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Reflex Sympathetic Dystrophy

What is Reflex Sympathetic Dystrophy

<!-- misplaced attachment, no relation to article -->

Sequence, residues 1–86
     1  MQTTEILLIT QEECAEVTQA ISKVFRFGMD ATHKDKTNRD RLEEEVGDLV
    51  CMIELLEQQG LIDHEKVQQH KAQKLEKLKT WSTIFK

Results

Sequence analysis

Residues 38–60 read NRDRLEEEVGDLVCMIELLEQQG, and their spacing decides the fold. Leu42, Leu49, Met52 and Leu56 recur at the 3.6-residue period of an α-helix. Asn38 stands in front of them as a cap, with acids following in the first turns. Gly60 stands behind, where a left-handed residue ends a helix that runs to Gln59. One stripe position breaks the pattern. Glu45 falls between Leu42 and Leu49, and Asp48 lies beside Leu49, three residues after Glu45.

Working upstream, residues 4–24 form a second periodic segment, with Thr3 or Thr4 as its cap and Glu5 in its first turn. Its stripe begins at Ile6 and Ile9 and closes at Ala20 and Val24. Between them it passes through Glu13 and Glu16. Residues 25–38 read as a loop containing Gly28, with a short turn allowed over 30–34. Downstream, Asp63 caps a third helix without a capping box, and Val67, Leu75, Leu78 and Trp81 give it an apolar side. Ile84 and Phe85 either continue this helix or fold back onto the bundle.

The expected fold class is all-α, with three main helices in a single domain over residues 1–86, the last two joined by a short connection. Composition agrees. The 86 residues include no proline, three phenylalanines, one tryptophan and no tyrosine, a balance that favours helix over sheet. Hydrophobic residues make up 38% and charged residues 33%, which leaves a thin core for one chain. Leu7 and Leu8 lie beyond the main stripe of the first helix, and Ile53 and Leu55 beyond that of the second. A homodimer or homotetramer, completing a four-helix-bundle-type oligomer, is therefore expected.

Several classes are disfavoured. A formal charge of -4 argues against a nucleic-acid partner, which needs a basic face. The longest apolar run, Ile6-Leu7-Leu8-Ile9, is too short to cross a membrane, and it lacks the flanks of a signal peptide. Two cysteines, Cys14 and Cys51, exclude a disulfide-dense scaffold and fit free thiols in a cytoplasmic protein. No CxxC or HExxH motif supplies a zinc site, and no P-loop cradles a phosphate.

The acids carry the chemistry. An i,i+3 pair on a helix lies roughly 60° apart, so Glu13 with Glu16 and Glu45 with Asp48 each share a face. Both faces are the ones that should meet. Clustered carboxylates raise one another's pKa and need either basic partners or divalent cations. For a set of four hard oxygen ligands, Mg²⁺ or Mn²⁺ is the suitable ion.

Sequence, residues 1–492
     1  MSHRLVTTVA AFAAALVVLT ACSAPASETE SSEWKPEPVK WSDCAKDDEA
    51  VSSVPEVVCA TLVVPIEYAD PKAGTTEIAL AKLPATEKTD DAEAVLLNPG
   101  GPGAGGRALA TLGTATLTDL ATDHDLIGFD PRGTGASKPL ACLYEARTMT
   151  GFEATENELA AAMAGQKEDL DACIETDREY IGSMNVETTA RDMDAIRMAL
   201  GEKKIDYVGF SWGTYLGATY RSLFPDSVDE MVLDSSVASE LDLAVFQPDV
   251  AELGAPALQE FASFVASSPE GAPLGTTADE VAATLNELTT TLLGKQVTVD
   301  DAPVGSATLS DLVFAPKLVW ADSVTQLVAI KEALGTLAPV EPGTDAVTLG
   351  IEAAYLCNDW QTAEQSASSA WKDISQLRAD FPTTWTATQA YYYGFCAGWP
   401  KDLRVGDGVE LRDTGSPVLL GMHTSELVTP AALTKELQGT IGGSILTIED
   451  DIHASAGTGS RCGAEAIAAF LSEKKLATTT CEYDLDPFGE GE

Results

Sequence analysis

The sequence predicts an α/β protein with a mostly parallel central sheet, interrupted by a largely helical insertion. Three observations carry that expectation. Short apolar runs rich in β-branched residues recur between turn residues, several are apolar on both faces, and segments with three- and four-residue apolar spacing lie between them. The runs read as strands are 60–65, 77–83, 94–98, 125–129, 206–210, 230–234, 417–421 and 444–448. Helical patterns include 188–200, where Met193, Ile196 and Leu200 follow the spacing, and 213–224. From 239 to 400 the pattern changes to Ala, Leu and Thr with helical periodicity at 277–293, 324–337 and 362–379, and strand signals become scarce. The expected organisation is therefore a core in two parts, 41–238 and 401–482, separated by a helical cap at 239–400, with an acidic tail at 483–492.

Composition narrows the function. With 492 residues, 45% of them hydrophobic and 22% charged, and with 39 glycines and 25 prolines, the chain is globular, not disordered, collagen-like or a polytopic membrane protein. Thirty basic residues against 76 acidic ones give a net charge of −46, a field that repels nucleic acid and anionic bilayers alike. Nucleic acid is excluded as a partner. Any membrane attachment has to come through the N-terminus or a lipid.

Reflex Sympathetic Dystrophy (RSD), also known as Complex Regional Pain Syndrome (CRPS) Type I (here called RSD/CRPS), is a chronic condition characterized by burning pain and abnormalities in the sensory, motor and autonomic nervous systems. The syndrome typically appears after an acute injury to a joint or limb, though it may occur with no obvious precipitating event. In most cases, regardless of the site of injury the symptoms begin and remain most intense in the distal most extremity. In the initial stages of RSD/CRPS, pain and swelling from the injury do not subside but actually intensify, spreading from the site of the injury to other parts of the limb, to the contralateral limb or to remote regions of the body. The skin in affected areas and particularly deep somatic tissues are painfully sensitive to touch, often red and abnormally warm due to alterations in regional blood flow. Changes in sweating patterns, hair growth, subcutaneous tissues, muscles, joints or bones and difficulty moving the joint or limb are other hallmarks of the disorder. In addition to the evidence of inflammation and abnormal autonomic nervous system function, there are changes in motor systems including tremor, weakness and dystonia, which strongly suggest a central nervous system component to the disease in a subgroup of patients. The syndrome may evolve through three stages (acute, dystrophic, atrophic), although this is very much debated, each marked by progressive pain and physical changes in the skin, muscles, joints and bones. RSD/CRPS can affect both genders and all ages (including children), although it is thought to be more common between the ages of 40 and 60 and may be more frequent in women. The cause of RSD/CRPS is unknown.